Anticipation for the new adaptation of Stephen King’s “It” has been at a fever pitch since its teaser trailer was released this year, but the film was in development as early as 2009. Now that it’s less than a week away from hitting theaters, take a moment to brush up on the film’s long history — and find out everything you need to know before seeing it.
It had a troubled production.
Cary Fukunaga was originally set to follow “Beasts of No Nation” with his take on the classic horror novel, eventually dropping out for the same reason everyone else departs such projects: creative differences. “I was trying to make an unconventional horror film,” Fukunaga told Variety after working on the film for six years. “It didn’t fit into the algorithm of what they knew they could spend and make money back on based on not offending their standard genre audience.” He remains a credited screenwriter and was replaced by “Mama” helmer Andrés Muschietti.
The cast featured a similar (albeit less dramatic) shakeup as well. Will Poulter was originally cast as Pennywise the Clown, later being replaced by Bill Skarsgård. (According to producers, Tilda Swinton was considered as well.)
Its record-breaking trailer inspired much confidence.
The first trailer for “It” is estimated to have been viewed 197 million times(!) within 24 hours of release, scaring excited fans into a frenzy months ahead of its long-awaited theatrical release. If public opinion was ambivalent before, a consensus quickly emerged that “It” was among the most highly anticipated films of the year.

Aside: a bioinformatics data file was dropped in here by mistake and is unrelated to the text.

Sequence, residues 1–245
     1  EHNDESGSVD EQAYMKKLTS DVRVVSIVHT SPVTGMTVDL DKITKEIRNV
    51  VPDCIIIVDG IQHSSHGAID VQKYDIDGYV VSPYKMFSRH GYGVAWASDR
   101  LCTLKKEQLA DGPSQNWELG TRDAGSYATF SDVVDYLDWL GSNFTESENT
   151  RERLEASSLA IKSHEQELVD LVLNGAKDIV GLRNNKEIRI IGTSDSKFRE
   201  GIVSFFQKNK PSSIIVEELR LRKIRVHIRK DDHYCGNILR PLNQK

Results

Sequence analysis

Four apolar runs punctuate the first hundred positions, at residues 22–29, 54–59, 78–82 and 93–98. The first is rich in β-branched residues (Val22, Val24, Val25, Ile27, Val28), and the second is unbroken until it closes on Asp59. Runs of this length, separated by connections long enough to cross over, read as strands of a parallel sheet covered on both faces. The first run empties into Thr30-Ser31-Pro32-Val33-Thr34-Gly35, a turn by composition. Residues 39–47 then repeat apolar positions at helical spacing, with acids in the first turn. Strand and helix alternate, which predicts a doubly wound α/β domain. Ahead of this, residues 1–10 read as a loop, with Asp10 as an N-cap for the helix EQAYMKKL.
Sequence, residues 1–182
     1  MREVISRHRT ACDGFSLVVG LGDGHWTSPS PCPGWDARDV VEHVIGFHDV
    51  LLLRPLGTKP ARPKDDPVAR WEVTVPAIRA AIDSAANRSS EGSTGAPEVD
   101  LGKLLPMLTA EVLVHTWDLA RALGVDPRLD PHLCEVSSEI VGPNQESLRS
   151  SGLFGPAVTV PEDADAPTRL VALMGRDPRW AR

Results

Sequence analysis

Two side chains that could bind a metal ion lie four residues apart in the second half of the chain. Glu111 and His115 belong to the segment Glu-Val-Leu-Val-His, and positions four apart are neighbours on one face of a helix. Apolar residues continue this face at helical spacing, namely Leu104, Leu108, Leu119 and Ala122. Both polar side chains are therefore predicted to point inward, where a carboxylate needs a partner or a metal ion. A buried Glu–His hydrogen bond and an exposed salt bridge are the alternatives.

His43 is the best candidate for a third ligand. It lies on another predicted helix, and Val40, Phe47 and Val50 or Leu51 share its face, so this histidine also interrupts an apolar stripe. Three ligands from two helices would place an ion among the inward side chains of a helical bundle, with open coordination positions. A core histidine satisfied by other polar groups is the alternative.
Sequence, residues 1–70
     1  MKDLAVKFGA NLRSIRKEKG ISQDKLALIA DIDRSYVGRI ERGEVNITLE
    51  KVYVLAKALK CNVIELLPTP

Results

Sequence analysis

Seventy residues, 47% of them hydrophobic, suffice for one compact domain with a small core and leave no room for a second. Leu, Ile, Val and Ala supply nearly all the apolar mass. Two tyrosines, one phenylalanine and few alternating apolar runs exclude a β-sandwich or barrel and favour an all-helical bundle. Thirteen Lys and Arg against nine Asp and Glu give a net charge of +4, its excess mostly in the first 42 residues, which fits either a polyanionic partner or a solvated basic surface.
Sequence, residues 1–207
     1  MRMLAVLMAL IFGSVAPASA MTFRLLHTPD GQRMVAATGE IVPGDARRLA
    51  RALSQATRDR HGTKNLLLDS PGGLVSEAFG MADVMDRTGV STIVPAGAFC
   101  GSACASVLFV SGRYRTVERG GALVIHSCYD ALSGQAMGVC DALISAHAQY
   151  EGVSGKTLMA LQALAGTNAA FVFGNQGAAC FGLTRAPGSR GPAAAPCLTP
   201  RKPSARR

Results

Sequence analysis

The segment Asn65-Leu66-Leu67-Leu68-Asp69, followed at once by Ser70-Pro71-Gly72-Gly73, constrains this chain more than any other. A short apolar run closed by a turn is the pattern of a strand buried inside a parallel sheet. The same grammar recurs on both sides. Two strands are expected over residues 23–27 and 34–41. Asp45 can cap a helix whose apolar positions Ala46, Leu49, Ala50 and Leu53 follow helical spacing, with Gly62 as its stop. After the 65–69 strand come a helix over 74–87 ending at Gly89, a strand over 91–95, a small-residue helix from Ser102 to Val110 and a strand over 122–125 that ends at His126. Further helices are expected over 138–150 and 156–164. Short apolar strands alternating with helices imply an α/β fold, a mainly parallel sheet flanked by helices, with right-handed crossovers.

It’s expected to make beaucoup bucks at the box office.
Tracking places “It” in the $50 million range for its opening weekend, which is more than double some of this year’s underperforming would-be blockbusters. The current record-holder for a September opening is “Hotel Transylvania 2,” with $48 million. With a projected budget of somewhere between $34–45 million, that would make Muschietti’s film an instant success in a year defined by financial disappointments.
It comes with Stephen King’s seal of approval.
“Steve asked me to pass along that he saw a screening of IT today and wanted to let everybody know that they should stop worrying about it as the producers have done a wonderful job with the production,” reads a message posed to Instagram by producer Seth Grahame-Smith. That’s high praise, especially as King hasn’t been afraid to speak up when adaptations of his books have displeased him.
It’s meant to be followed by a second film set decades later.
Pennywise isn’t just a clown — he (or, rather, it) is the embodiment of evil. As such, it has certain strange habits — like only appearing in the town of Derry, Maine once every 27 years. “We’ll probably have a script for the second part in January ,” said Muschetti earlier this year. “Ideally, we would start prep in March. Part one is only about the kids. Part two is about these characters 30 years later as adults, with flashbacks to 1989 when they were kids.”
It may have inspired a wave of creepy clown sightings.
You know things are bad when an entire Wikipedia page has to be written about a series of clown sightings across the country. So many people were freaked out — a few clowns were even arrested — that New Line had to release a statement claiming that the company “is absolutely not involved in the rash of clown sightings” and wasn’t pulling a viral-marketing stunt. Clearly, the only logical conclusion is that Pennywise itself was behind all this.
It’s received high praise from those who have seen it already.
Reviews don’t drop until Tuesday, but Twitter lit up last week with early reactions from a test screening in New York. Those who’ve seen it have praised it as everything from “scary as shit” to “creepy, bloody, super funny, adorably romantic,” with special praise going to Skarsgård’s performance as the evil clown.
You’ll float too.
You’ll float too. You’ll float too! YOU’LL FLOAT TOO!